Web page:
A series of recent federal cases have held that when conviction of crime requires, in addition to incarceration, that a mandatory special parole term be imposed, the court must inform the defendant of the mandatory parole term. See United States v. Hamilton, 553 F.2d 63, 64 (10th Cir.1977), cert. denied, 434 U.S. 834, 98 S. Ct. 122, 54 L. Ed. 2d 96 (1978); United States v. Watson, 179 U.S.App.D.C. 103, 106, 548 F.2d 1058, 1961 (1977); United States v. Harris, 534 F.2d 141, 142 (9th Cir.1976). There is no mandatory parole term involved in the case at bar and the rationale of these federal cases appears to be that the mandatory parole term acts as a necessary addition to the minimum incarceration in any statement of what constitutes the minimum punishment provided for the offense. This is distinguishable from the case at bar.

[40] Due to the fact that methadone is kept on the premises, federal law requires the premises to be absolutely secure. At the time of the homicide, the clinic was equipped with perimeter alarms and special ceiling microphones which permitted 24-hour monitoring by personnel at Alaska General Alarm's main office in Anchorage.

[41] Reserve Officer Steve Wilcox gave this version of what occurred on the west side of the building:

One window was open and another window had the top pane broken next to the window latch. Officer Flora first checked the window that was open with gun in right hand and flashlight in left hand. About the same time Officer Flora started to look into the room, Officer Carter came into the room from the inside of the building. [This room was later identified as a bathroom.]

Officer Flora and Officer Wilcox then approached the window with the top pane broken next to the latch. [This room was later identified as a doctor's examination room and it was within this room that Morgan shot Flora and was later apprehended.] This window was closed but not locked. Officer Flora then proceeded to carefully look into the room and did not see anything. Officer Flora then put his gun barrel, pushed up on the window, just enough to get a grip. Officer Flora then put his gun into his holster and slowly opened the window as far as it would go. Slowly, with only his flashlight in left hand, he proceeded to check the inside of the room and was shot, propelling him backwards away from the building, landing on his back and he was bleeding from the head and mouth.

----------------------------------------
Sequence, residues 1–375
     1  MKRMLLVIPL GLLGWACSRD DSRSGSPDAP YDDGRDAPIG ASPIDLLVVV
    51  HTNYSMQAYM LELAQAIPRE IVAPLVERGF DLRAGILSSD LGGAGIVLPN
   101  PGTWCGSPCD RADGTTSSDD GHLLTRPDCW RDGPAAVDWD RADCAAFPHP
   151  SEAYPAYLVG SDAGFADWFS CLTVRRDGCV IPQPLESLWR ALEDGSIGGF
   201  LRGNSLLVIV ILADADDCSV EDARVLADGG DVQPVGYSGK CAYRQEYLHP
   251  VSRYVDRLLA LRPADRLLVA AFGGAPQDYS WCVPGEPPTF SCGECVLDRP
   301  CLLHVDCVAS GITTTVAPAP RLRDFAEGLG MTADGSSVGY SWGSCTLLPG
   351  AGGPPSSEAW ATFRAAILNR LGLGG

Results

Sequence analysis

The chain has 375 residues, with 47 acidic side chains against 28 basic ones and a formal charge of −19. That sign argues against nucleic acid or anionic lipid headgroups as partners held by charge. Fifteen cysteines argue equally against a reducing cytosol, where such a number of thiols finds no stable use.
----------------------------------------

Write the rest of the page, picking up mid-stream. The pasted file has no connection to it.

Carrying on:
[42] Evidence recovered from Donald Morgan's person consisted of (1) a checkbook containing several blank checks belonging to a Donald J. Balestrieri, the director of the Methadone Clinic, (2) a small box containing two vials of enzyme reagent (used by clinic personnel to determine the presence of heroin in urine), and (3) several nine millimeter live cartridges in Morgan's right front pocket.

[43] Morgan served two years prior to this court's reversal of his conviction. Morgan was not retried on this armed robbery offense.

[44] Morgan committed this robbery at the time he was serving his 1970 armed robbery sentence at a halfway house in Anchorage.

[45] In July of 1974, Morgan was fined $25 for leaving the scene of an accident. Three months later, Morgan was charged with forging a check. Prosecution was deferred for one year. Morgan admitted having committed the forgery and agreed to repay the victim fully and undergo counseling.

[46] According to the state, during 1970 Morgan was in the practice of buying stolen wallets from prostitutes in Anchorage. He paid a standard fee of $50 and was able to realize a considerable profit from credit cards in the wallets. He also sold illegal drugs.

[47] Morgan confessed to these three armed robberies at the time he confessed to the killing of Officer Flora.

In his psychiatric report, Dr. Olivier states that Morgan told him he had committed some 40 armed robberies. However, Morgan's attorney at the sentencing hearing disputed the accuracy of Dr. Olivier's report.

[48] See Art. I, § 12 of the Alaska Constitution; State v. Chaney, 477 P.2d 441, 444 (Alaska 1970).

[49] See Andrews v. State, 552 P.2d 150, 153-54 (Alaska 1976); Perrin v. State, 543 P.2d 413, 417-18 (Alaska 1975); and AS 12.55.075(a)(2). The case law and the statute cited emphasize the need for the trial court to give in open court and on the record its reasons for the particular sentence imposed.

[50] Post v. State, 580 P.2d 304, at 309 (Alaska, June 9, 1978); Cleary v. State, 548 P.2d 952, 954 (Alaska 1976); McClain v. State, 519 P.2d 811, 814 (Alaska 1974).

This site is protected by reCAPTCHA and the Google Privacy Policy and Terms of Service apply.